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A FREQUENCY COMB APPROACH TO VIBRATIONAL STABILIZATION OF FESHBACH MOLECULES

Please use this identifier to cite or link to this item: http://hdl.handle.net/1811/31492

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Title: A FREQUENCY COMB APPROACH TO VIBRATIONAL STABILIZATION OF FESHBACH MOLECULES
Creators: Pe'er, Avi; Shapiro, Evgeny; Stowe, Matthew C.; Shapiro, Moshe; Ye, Jun
Issue Date: 2007
Publisher: Ohio State University
Abstract: Ultracold molecules can be created from atoms by Feshbach resonance techniques. While these molecules are in the electronic ground state, they are highly excited vibrationally. As a result, these molecules are unstable due to collisional-virational quenching. We present a general and highly efficient scheme for vibration stabilization using a coherent train of weak pump-dump pairs of shaped ultrashort pulses to perform narrow-band Raman transitions between vibrational levels. Although mode-locked lasers emit broadband ultrashort pulses, they can be utilized to perform frequency selective excitation just like narrow-band CW lasers due to their precise frequency comb. This spectral selectivity is explained by the very long inter-pulse phase coherence, which allows for coherent accumulation of the excitation amplitudes from multiple pulses in an excited material system, similar to a generalized Ramsey experiment. The use of weak pulses permits a simple analytic description of the single pulse response within the framework of coherent control in the perturbative regime, while coherent accumulation of many pulse pairs enables near unity transfer efficiency with a high spectral selectivity, thus forming a powerful combination of pump-dump control schemes and the precision of the frequency comb. The feasibility and robustness of this concept is verified by realistic simulations of the molecular dynamics.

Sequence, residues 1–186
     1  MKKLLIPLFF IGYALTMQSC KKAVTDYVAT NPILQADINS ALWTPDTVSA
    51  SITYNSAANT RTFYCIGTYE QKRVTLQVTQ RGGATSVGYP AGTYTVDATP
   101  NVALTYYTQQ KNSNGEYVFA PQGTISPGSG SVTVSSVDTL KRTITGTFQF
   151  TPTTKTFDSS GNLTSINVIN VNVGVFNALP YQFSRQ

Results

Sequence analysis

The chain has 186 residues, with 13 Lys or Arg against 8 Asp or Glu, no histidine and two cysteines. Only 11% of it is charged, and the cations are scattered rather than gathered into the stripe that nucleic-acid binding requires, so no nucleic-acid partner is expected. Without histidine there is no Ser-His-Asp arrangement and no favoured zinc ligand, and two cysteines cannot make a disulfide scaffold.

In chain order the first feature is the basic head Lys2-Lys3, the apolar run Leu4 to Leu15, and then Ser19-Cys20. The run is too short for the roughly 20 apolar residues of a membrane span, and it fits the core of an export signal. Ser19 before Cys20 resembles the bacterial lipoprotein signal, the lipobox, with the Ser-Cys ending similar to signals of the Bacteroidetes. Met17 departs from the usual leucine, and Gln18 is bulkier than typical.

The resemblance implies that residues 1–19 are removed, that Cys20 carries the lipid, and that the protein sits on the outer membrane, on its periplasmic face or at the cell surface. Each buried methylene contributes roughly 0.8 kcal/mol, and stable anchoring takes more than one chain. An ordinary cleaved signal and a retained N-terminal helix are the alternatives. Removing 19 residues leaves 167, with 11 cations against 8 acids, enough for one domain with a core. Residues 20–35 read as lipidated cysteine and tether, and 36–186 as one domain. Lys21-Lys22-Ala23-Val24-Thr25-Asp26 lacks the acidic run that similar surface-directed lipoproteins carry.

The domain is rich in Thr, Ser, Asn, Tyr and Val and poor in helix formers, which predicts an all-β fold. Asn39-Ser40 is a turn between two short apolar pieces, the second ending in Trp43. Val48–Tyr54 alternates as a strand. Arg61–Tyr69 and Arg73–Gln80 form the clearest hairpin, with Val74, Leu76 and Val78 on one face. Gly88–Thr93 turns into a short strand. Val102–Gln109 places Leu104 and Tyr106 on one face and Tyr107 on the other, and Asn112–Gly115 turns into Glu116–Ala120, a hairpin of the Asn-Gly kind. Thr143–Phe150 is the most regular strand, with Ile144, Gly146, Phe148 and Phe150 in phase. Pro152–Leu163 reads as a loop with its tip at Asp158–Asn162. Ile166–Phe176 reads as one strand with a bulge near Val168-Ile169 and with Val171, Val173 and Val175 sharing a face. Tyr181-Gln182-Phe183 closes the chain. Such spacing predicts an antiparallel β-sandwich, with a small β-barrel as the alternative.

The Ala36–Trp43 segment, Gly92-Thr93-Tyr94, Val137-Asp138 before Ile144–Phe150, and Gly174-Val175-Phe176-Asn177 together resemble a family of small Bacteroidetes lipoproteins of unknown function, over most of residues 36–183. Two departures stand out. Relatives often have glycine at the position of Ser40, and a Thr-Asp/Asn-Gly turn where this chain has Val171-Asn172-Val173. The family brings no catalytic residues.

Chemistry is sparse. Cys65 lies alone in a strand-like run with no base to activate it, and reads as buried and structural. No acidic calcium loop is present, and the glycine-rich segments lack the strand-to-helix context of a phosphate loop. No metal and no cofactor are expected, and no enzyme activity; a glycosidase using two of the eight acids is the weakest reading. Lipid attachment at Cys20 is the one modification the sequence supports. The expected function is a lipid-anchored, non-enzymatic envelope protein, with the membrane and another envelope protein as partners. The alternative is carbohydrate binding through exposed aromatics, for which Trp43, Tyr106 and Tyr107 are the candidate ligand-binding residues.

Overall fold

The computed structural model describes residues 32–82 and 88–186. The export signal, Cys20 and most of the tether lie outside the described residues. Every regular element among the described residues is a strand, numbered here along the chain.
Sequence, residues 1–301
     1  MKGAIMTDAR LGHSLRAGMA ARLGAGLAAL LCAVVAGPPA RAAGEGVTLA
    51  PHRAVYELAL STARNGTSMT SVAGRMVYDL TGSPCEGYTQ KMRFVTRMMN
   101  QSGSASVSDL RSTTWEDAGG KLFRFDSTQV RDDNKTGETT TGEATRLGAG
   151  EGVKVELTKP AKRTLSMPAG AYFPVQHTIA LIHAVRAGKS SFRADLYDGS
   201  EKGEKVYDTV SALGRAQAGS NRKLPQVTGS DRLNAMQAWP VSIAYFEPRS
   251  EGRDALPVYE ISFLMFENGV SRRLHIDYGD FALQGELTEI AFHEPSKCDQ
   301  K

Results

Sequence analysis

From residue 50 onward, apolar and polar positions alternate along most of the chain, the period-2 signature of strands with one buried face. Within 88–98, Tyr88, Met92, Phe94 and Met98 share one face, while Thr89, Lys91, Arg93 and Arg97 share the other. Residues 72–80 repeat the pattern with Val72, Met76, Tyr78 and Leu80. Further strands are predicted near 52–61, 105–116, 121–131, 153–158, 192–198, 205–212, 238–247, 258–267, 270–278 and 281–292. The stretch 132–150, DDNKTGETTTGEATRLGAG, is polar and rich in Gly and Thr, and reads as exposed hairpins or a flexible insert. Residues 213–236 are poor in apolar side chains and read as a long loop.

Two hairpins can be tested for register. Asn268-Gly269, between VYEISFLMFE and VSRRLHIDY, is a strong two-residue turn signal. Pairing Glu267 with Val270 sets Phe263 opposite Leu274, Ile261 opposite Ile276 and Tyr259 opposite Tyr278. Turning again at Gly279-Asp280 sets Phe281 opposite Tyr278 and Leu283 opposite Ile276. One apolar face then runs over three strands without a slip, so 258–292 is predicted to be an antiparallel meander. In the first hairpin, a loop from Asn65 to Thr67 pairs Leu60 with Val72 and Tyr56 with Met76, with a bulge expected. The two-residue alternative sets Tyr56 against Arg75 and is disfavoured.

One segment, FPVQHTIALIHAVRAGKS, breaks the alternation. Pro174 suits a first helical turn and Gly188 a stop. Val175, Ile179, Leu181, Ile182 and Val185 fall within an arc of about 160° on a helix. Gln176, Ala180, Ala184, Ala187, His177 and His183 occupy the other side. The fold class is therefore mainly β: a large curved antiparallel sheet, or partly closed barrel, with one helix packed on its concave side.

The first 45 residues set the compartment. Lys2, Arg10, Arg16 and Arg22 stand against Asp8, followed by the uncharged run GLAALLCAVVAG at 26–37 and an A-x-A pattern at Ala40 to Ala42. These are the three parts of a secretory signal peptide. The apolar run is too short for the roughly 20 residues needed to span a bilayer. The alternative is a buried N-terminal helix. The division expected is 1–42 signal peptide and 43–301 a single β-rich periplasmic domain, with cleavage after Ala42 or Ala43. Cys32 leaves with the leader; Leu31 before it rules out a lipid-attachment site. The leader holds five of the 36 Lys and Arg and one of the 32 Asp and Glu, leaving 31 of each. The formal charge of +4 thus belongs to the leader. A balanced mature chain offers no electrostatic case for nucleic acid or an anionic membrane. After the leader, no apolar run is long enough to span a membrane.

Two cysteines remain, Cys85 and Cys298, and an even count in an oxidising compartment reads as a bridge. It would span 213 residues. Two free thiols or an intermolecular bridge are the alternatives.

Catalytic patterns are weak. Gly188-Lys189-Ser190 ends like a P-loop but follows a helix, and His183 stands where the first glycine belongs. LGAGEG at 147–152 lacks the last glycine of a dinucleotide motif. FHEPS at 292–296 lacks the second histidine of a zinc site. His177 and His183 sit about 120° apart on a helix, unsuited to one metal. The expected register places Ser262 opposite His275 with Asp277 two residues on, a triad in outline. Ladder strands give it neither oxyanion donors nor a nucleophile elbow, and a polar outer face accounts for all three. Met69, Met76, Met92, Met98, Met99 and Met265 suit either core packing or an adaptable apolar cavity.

Description: Author Institution: JILA, National Institute of Standards and Technology and University of Colorado, Boulder, CO 80309-0440; Department of Chemistry, University of British Columbia, Vancouver, Canada; JILA, National Institute of Standards and Technology and University of Colorado, Boulder, CO 80309-0440; Department of Chemistry, University of British Columbia, Vancouver, Canada, and Department of Chemical Physics,; Weizmann Institute of Science, Rehovot 76100, Israel; JILA, National Institute of Standards and Technology and University of Colorado, Boulder, CO 80309-0440
URI: http://hdl.handle.net/1811/31492
Other Identifiers: 2007-RJ-02
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